A local advocacy group centered around Muslim women will hold a candlelight vigil in Dupont Circle tonight to stand against homophobia, transphobia and Islamophobia.
The Muslim American Women’s Policy Forum (MAWPF) will host the event tonight at 7:30 p.m. Abiha Bilgrami, one of the event’s organizers, said tonight’s vigil is meant to remember the victims of the mass shooting in an Orlando gay nightclub that left 50 people dead and 53 more wounded.
“The victims of the shooting were people of color, and that’s something that’s not being addressed in the media,” Bilgrami said.
The event is also meant to combat homophobia, transphobia and Islamophobia, and will include speeches and statements by queer Muslim men and women, Bilgrami added.
“The Muslim American Women’s Policy Forum is hosting a vigil to mourn the lives of people killed and wounded in Orlando, Florida due to homophobic and transphobic violence,” organizers wrote in a statement. “We are calling on communities to reject using Islamophobia and xenophobia as a response to fighting homophobic and transphobic violence.”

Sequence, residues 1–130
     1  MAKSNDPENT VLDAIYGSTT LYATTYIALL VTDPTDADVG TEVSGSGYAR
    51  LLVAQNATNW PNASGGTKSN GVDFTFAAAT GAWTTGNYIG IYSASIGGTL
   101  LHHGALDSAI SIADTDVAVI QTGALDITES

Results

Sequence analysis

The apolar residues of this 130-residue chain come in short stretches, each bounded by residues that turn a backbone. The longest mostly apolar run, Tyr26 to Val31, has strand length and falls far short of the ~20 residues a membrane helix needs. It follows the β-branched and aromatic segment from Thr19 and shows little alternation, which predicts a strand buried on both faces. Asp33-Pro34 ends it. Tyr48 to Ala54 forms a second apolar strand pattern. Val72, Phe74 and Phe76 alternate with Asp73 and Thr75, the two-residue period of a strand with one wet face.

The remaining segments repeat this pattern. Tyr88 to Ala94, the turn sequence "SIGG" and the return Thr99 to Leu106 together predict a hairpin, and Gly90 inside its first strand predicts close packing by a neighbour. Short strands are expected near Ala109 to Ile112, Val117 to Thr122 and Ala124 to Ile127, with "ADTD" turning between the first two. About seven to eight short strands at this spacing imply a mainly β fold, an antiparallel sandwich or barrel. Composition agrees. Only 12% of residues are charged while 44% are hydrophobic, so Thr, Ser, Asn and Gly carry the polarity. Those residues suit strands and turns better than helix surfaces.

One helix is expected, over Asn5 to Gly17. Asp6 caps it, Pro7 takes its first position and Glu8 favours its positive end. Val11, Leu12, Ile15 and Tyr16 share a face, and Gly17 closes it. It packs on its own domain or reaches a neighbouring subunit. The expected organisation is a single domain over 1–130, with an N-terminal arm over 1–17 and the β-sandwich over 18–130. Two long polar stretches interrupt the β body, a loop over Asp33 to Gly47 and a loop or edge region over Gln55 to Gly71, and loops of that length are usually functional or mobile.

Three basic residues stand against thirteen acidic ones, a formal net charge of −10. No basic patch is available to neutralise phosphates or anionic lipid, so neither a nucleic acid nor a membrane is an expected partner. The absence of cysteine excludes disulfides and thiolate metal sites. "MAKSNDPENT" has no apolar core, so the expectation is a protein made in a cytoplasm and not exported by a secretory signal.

Attendees are encouraged to dress in black and bring signs, candles and a rose to lay at the base of the fountain.
Read more about the vigil and RSVP for the event on its Facebook event page:
A crowd will gather in Dupont Circle park tonight to remember the 144 people killed in the Peshawar School terror attack in Pakistan, which occurred exactly one year ago today.
Attendees will congregate around the fountain holding flickering candles and placards with names of the victims and messages condemning terrorism at 7:30 p.m. this evening.
The event is being organized by D.C.-based Pakistan advocacy group AdvoPak.
“It will be a peaceful demonstration,” said Zaineb Majoka, founder and director at AdvoPak, in an e-mail. “We are not planning to have any speeches or slogans but we will have a megaphone in case someone wants to say a few words.”
Majoka said tonight’s vigil is meant to bring awareness to the victims of terror attacks in Pakistan and across the world.
“Through these vigils … we not only want to condemn all terrorist activities and use of violence but we are also trying to raise awareness about the human cost of these attacks and how each life matters,” Majoka said. “Staying silent is not an option anymore.”
Attendees who want to participate can bring flowers, candles, placards or nothing, she added.
“We will have enough supplies and anyone in the community is more than welcome to participate,” said Majoka. “In fact it should be a collaborative effort.”
Photo via AdvoPak